More information on regulatory issues related to chlorpyrifos is available on our blog.


 

By Lisa M. Campbell, Timothy D. Backstrom, and James V. Aidala

A noteworthy development in the U.S. Environmental Protection Agency’s (EPA) ongoing and controversial consideration of the potential use of epidemiological data in its pesticide risk assessments occurred on May 25, 2017, when EPA placed in the public dockets for certain organophosphate (OP) pesticides an “update” of the September 15, 2015, Literature Review and Food Quality Protection Act (FQPA) determination, along with a response to comments on the original document.  These documents were signed by EPA scientists on December 29, 2016, prior to the new Administration, but were placed in the docket only last month, under the new Administration.  The documents attempt to rebut the various criticisms of EPA’s assessment of the epidemiology studies for chlorpyrifos and the original FQPA safety factor determination for OP pesticides, and they reaffirm the policy embodied in the original Literature Review.  Because these new documents were signed in the last days of the Obama Administration, they may be viewed by some industry stakeholders as an effort by some at EPA to “lock in” the prior policy concerning OP pesticides.

The public release of the “updated” Literature Review and response to comments must be considered in the context of the ongoing chlorpyrifos battles that have received significant public attention.  During the five months between the date that these “update” documents were signed and the date that EPA placed them in the public docket, EPA Administrator Pruitt issued a decision on March 29, 2017, to deny the petition filed by the Pesticide Action Network North America (PANNA) and the National Resources Defense Council (NRDC) requesting that EPA revoke all tolerances and cancel all registrations for chlorpyrifos products.  See EPA Denies Petition to Ban Chlorpyrifos.  In his denial decision, Administrator Pruitt concluded it would be appropriate for EPA to defer determining whether chlorpyrifos is likely to cause neurodevelopmental effects at exposure levels below the levels that cause acetylcholinesterase (AChE) inhibition until the completion of the registration review process for chlorpyrifos.  Administrator Pruitt based his decision on the premise that “the science addressing neurodevelopmental effects remains unresolved” and that “significant uncertainty … exists regarding the potential for chlorpyrifos to cause adverse neurodevelopmental effects.”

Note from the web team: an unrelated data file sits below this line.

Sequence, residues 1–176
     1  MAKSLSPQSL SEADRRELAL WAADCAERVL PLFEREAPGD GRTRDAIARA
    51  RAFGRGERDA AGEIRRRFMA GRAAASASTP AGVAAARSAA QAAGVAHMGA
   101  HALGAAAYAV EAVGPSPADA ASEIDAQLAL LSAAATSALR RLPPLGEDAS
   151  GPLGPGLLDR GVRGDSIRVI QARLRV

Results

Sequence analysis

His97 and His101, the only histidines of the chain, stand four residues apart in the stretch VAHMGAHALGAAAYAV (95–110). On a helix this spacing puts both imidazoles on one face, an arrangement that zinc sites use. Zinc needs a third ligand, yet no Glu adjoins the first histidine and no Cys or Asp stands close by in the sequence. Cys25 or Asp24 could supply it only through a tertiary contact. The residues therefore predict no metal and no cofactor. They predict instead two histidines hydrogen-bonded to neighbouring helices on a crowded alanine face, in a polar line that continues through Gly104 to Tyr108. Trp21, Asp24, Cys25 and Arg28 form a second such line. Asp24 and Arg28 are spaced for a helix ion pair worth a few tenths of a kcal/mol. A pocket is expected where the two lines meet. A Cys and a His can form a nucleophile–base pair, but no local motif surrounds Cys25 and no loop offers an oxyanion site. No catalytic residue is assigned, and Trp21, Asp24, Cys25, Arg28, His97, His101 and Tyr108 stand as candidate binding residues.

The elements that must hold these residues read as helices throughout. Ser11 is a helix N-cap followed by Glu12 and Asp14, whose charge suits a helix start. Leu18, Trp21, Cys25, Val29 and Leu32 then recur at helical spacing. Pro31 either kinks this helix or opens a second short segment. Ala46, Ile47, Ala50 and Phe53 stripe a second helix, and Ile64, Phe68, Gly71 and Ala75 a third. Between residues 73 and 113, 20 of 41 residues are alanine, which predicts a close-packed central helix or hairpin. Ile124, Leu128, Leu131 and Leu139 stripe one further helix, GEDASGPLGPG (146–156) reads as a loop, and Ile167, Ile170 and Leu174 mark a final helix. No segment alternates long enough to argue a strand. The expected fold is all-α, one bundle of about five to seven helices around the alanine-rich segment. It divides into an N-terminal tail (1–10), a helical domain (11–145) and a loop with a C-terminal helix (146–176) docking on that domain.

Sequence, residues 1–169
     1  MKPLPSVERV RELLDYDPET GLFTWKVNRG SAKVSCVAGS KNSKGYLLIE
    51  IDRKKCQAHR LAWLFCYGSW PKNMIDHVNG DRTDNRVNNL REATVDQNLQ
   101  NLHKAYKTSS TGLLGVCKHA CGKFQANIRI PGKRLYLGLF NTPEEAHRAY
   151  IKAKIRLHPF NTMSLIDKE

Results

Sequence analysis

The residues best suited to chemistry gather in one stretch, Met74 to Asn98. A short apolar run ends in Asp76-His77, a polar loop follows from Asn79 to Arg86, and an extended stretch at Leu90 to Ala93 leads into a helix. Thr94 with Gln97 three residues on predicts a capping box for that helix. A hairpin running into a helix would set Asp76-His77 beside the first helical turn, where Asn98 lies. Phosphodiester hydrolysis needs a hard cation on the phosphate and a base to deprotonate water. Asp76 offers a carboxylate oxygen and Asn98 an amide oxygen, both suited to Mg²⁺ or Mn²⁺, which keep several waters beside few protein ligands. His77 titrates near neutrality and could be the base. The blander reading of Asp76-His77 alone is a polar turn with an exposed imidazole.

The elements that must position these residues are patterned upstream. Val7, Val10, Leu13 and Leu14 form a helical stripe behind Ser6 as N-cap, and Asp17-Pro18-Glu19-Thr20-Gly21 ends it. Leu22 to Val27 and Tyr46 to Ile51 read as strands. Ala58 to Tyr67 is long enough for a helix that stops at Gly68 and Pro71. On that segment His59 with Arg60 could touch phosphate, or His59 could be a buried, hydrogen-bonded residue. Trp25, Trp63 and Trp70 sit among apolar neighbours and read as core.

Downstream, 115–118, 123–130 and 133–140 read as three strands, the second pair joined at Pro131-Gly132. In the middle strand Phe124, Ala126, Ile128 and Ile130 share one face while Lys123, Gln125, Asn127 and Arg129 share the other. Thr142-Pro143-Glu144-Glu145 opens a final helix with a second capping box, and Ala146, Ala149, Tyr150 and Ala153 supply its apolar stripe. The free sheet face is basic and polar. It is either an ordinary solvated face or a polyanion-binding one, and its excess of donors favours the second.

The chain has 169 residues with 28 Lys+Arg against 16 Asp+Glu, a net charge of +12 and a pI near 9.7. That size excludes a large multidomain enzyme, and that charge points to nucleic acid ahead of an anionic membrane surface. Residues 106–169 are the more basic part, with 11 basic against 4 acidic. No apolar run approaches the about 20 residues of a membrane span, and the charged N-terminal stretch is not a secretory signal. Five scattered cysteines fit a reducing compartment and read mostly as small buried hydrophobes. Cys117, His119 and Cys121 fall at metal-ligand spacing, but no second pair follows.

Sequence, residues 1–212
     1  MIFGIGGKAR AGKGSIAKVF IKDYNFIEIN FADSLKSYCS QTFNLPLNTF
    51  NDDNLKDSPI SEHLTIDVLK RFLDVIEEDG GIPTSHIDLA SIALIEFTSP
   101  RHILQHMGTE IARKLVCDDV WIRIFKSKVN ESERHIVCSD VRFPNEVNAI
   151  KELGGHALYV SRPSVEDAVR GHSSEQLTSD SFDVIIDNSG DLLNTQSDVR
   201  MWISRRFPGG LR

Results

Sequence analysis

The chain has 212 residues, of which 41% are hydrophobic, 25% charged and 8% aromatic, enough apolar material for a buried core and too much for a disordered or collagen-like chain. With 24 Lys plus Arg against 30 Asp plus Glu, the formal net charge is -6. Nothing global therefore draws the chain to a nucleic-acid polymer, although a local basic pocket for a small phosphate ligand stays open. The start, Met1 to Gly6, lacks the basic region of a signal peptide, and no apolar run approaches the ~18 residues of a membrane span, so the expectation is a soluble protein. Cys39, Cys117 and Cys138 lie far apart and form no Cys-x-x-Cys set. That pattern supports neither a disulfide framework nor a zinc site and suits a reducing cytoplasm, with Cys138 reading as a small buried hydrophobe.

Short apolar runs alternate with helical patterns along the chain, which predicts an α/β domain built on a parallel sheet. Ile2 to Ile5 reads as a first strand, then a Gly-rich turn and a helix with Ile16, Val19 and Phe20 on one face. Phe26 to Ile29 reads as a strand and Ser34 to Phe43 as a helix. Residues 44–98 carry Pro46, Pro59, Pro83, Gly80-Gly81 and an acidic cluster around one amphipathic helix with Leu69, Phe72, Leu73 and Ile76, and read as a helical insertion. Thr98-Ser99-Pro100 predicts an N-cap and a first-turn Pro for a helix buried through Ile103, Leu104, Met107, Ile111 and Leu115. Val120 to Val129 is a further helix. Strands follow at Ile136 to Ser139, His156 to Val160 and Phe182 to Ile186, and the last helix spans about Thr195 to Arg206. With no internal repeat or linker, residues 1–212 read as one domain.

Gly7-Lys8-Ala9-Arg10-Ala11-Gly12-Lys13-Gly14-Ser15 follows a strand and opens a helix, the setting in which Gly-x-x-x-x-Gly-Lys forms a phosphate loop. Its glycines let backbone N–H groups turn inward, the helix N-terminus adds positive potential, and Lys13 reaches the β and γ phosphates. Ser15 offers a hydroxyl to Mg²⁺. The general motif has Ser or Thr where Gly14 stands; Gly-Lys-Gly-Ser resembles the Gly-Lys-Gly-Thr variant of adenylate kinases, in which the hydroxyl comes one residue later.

Some industry stakeholders may argue that the decision by the EPA scientists who prepared the “updated” Literature Review which concluded that EPA should retain the 10X FQPA uncertainty factor for OP pesticides can be reconciled with Administrator Pruitt’s subsequent denial decision, because the “updated” FQPA safety factor determination does not preclude further scientific discussion concerning the potential for neurodevelopmental effects from OP pesticide exposures.  On the other hand, other industry stakeholders may be concerned about the immediate adverse impact of this “updated” FQPA determination on the risk assessments prepared by EPA for OP pesticides and the measures that will be demanded by EPA to mitigate purported risks.

On April 5, 2017, PANNA and NRDC responded to Administrator Pruitt’s March 29, 2017, decision to deny their petition to revoke the tolerances and cancel the registrations for chlorpyrifos by submitting to the Ninth Circuit Court of Appeals a Motion for Further Mandamus Relief.  That motion was substantially based on the premise that EPA does not “suggest that it has reconsidered its finding that chlorpyrifos is unsafe.”  The briefing on the new mandamus motion was completed on May 5, 2017, several weeks before EPA disclosed the documents concerning the “updated” FQPA determination.  Nevertheless, petitioners could try to argue that these documents constitute further evidence supporting their key premise that EPA has not actually revisited its prior determination that chlorpyrifos exposures are unsafe.